When the Irish won medals ... for art
IT wasn't only in sport that the Olympic movement honoured the best. Between 1912 and 1948, competitions were held which rewarded those believed to have best transferred the sporting ideals of the Games into the arts.
The art competitions were part of the original intention of the Olympic movement's founder, Pierre de Frédy, Baron de Coubertin, who wished to celebrate the loftiest of human ideals.
Medals were awarded for works of art inspired by sport, divided into five categories: architecture, literature, music, painting, and sculpture.
And given our reputation as a land of literary giants and visual artists, it's no wonder that Ireland had a proud history in this category.
Three of our 28 Olympic medals were won in the arts -- almost as many as athletics.
While WB Yeats won the Nobel Prize for Literature in 1923, his brother Jack B Yeats (1871-1957) won the silver medal in the Paris Games the following year for his painting 'The Liffey Swim', now held by the National Gallery in Dublin.
It meant he was the first medal-winner for the recently-independent Irish Free State, with the Central Bank issuing a commemorative €10 coin just this year to honour his artistic achievements.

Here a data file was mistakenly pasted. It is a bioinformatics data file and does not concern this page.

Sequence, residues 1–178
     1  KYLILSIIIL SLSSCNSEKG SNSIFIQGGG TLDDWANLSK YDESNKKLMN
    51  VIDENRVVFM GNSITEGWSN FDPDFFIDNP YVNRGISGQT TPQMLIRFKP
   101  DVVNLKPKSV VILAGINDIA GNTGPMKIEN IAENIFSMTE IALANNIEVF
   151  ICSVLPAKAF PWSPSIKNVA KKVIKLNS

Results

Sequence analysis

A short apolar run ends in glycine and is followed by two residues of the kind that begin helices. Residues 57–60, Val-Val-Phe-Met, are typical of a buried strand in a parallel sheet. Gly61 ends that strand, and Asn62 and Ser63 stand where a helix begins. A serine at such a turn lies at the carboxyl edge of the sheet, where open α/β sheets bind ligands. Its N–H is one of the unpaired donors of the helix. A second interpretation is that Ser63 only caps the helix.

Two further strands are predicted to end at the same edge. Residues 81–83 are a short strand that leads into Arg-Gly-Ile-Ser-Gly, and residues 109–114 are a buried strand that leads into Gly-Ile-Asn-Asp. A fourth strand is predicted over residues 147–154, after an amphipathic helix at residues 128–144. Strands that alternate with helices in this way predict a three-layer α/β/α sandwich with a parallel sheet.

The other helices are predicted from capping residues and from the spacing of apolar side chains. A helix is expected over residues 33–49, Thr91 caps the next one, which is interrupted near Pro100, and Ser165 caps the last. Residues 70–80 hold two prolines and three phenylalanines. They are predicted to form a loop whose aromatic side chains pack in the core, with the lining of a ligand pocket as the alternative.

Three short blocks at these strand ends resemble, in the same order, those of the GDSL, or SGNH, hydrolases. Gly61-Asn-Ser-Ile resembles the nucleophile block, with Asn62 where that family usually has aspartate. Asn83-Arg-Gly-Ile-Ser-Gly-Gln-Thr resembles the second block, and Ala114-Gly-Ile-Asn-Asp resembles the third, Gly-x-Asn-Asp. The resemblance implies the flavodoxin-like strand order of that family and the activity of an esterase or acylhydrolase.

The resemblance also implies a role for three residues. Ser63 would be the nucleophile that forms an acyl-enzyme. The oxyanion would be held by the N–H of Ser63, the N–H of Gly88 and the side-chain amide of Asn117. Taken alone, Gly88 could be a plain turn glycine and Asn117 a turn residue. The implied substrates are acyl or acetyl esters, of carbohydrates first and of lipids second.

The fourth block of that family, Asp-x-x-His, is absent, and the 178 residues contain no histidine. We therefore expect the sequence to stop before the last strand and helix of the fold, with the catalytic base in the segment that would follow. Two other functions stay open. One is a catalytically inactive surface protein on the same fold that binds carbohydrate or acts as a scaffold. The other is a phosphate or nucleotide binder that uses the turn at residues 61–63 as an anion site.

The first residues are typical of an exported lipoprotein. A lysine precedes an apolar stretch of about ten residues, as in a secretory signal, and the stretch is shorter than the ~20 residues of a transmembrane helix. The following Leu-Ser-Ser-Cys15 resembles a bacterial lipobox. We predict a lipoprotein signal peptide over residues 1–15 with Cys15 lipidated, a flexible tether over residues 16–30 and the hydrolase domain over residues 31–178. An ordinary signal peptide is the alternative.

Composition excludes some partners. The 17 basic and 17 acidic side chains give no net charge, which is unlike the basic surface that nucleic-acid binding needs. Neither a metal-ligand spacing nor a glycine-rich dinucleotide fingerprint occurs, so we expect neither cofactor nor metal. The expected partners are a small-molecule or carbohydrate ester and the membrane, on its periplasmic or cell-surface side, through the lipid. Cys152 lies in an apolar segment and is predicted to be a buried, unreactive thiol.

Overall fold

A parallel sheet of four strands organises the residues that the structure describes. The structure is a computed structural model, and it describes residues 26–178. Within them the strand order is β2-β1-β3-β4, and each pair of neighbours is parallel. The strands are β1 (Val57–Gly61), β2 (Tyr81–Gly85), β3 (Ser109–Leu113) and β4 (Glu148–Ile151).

Yeats wasn't alone in Paris that year, with writer and poet Oliver St John Gogarty (1878 -1957) taking bronze in literature for his 'Ode to the Tailteann Games', a 1,100-word epic which established a link between the ancient Irish version of the Olympics -- held the same year -- and the modern Games.
"God the runner to his course/ Holds, and urges on until/Lips and face of blood are drained/And fainting limbs are numb:/Till the heart, by God sustained/Bravely to the end is come", it reads.
The judges may have been impressed with his work, but St John Gogarty wasn't, later describing it as "rather tripe".
The 1924 Paris Games were also notable because they were the first time there was keen interest from the artistic world, with 193 entries including three from Russian artists, despite the Soviet Union not officially taking part because they considered the Olympics bourgeois.
But the art contests weren't to last forever. They were abandoned after the 1948 Games because of rows over the status of the contestants.
Olympic athletes were supposed to be amateurs, but artists were considered to be professionals and so the competition was dropped.
Ireland managed to feature that last year, returning to the medal podium where Letitia Hamilton (1878-1964) from Dunboyne in Co Meath -- who was taught by Jack B Yeats -- took a painting bronze in the oil and watercolours section for 'Meath Hunt Point-to-Point Races'.
Irish Independent Supplement